If you’re thinking about moving to France you might want to learn from our mistakes with regards toddlers and their socialisation/schooling.
With Hindsight We Should Have Taken The Pre-School Place Offered
When we were making our arrangements to move last year we visited La Belle Fille’s school. At that time the directrice had asked us if we had wanted to enroll La Jolie Fille too. They were unusual for a school in that they could take children as young as two. As we were just about to move I thought that it would be better to take her to playgroups as it would give me opportunities to socialise and I felt she was too young to go to what basically was a pre-school. “Give it a few months first, then she’ll be ready I thought.”
This was a mistake. These places went and there were none available later in the year when I changed my mind for the reasons I’m outlining below. So the advice I’d give to anybody is don’t just assume the opportunities are going to be the same in France as they are at home; As With everything else, although at first glance it looks similar, that can be deceiving. France is a different culture and this is reflected in childcare arrangements.
The Early Years System In France
When we arrived it took us a while to get settled and finding our way around in another language, as well as encountering different social norms, I found that I didn’t actually get her to the play groups until the October.
Playgroups, or Associations Rerispontre Échange Parents Enfants, are run by the state. You pay something like €2 a year (yes, for the whole year, not a session). They have keyworkers there to listen and give advise.
When we arrived at one I was late. I expected to see lots of mums, maybe some dads and lots of toddlers; the same experience as at home. It was by that time nearly 3 o’clock and the session started at 2, but there were no other children there. Just me and the two key workers attached to the group. As the time went on two other mothers came and a grand total of three children, however as this was nearly 4 o’clock when they arrived and I had to leave at 4.20 to pick up La Belle, we really didn’t have much time to meet anyone.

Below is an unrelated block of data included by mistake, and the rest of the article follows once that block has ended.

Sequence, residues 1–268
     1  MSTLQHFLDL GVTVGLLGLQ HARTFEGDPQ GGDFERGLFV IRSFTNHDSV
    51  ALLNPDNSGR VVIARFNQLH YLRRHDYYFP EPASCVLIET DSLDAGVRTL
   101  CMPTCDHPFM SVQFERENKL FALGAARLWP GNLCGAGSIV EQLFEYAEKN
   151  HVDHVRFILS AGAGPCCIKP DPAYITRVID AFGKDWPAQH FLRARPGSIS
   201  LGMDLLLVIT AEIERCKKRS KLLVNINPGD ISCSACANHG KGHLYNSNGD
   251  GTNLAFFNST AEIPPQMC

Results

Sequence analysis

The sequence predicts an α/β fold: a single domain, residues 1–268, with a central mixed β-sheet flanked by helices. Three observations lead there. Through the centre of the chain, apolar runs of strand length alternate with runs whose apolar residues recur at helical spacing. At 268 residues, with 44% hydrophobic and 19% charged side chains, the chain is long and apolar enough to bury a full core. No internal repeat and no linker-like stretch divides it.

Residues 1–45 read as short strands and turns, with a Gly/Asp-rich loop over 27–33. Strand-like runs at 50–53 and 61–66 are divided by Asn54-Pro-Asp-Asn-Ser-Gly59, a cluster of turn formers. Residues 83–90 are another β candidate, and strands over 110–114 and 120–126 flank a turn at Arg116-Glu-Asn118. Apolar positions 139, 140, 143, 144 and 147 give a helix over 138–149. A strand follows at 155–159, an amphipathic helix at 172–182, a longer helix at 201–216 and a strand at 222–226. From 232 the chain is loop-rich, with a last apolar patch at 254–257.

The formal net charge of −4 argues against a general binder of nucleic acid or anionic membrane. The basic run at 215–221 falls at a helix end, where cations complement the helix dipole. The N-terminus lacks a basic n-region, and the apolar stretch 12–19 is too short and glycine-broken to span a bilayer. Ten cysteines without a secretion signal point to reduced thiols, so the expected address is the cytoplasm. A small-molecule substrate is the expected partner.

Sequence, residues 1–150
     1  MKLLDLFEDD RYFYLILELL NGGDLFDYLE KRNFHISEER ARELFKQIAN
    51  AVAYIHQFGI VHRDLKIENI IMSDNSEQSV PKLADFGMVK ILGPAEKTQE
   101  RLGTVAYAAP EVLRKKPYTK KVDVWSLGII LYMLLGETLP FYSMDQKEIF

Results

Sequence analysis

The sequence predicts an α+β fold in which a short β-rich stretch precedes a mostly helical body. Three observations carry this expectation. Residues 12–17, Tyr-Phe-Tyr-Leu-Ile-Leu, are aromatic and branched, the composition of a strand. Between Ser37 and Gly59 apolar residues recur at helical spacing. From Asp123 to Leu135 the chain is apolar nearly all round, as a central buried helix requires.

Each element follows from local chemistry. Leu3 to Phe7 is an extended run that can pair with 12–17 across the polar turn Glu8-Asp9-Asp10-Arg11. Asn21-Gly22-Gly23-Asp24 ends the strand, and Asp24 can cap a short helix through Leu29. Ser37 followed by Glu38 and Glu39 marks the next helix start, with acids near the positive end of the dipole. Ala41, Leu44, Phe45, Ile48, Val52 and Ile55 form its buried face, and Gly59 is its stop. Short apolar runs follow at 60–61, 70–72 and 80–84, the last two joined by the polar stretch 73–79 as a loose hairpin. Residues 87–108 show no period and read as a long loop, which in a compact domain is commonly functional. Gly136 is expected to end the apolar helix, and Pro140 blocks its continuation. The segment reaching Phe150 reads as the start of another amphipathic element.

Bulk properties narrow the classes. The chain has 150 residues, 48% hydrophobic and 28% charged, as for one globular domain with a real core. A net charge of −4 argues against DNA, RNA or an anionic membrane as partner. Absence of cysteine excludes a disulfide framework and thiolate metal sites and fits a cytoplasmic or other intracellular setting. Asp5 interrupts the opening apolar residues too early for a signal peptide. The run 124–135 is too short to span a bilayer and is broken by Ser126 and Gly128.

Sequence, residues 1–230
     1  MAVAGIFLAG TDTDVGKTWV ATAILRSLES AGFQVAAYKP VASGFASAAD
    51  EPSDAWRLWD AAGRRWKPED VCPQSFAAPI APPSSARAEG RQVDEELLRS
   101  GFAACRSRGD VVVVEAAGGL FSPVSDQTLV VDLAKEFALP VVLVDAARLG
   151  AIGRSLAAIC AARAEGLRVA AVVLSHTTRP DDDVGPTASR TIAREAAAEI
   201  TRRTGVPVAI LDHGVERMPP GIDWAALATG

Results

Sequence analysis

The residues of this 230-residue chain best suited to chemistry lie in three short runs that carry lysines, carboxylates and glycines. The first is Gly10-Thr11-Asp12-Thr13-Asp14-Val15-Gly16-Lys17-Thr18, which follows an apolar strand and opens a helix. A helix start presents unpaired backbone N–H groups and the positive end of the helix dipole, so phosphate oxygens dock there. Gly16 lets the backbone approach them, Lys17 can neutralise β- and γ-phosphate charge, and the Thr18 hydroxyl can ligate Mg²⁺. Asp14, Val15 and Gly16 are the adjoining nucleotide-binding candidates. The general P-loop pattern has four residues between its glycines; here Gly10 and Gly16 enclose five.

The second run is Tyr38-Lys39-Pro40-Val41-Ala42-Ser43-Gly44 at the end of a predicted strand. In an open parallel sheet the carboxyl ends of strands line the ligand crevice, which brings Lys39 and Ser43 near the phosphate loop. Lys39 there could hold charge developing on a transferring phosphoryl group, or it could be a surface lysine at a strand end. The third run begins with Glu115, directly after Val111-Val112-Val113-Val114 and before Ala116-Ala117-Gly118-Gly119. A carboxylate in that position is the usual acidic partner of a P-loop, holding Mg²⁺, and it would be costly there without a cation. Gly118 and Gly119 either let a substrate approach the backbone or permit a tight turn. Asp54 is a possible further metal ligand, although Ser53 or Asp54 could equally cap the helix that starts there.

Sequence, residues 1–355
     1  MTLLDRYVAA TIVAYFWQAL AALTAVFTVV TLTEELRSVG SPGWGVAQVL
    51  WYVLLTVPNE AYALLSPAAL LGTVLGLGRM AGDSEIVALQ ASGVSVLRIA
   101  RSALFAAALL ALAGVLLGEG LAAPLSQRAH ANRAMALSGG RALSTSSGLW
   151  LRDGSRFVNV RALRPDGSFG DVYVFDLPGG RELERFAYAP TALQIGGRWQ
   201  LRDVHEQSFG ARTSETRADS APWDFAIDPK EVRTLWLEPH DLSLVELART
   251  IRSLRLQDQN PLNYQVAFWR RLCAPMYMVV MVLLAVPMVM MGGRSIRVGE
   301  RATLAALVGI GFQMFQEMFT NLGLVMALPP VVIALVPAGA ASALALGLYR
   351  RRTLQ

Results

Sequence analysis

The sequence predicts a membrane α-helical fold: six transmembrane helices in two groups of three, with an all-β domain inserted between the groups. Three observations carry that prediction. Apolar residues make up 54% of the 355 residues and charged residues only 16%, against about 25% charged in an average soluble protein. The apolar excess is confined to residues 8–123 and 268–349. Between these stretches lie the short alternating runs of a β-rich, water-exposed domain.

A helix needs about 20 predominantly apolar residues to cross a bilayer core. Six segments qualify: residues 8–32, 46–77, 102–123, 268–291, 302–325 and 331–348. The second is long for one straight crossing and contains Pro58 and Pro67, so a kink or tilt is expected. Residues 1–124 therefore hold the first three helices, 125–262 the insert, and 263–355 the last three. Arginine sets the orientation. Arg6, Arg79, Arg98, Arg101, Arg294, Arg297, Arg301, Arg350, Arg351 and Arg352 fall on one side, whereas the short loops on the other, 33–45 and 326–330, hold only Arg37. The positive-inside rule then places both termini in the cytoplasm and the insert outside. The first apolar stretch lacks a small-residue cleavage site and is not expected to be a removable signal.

Playgroups Aren’t Well Attended
The same group of keyworkers run another group on the Tuesday and Friday. The Friday one I could never find, it still holds a mystical aura for me like Brigadoon from the Gene Kelly film, but we did manage to go to the Tuesday group. Even less children.
One day I plucked up the courage to ask; ” Are there ever any more children who come”. The response wasn’t one I was expecting; “Oh, the Monday group is a lot busier.” Really?
I don’t know what it is in France but, at least here in the provences, no-one seems to use these groups. By the time we moved into our rental out of our friends gîte in December I kind of gave up going as it really wasn’t benefitting the little one.
I said earlier the culture is different and it affects things that are available for children and i often wonder to myself if it’s the strong family network that’s still prevalent in France that makes playgroups less attended. After all, When you spend your time in extended family, why would you need it?
As I said, I decided I’d see if I could get a place at La Belle’s school, but it was now fully subscribed, I had to fill in an application in the new year. Around mid-January I decided to look for another crèche as I was really worried about La Jolie Fille’s interaction.
Be Prepared For Appointments and Paperwork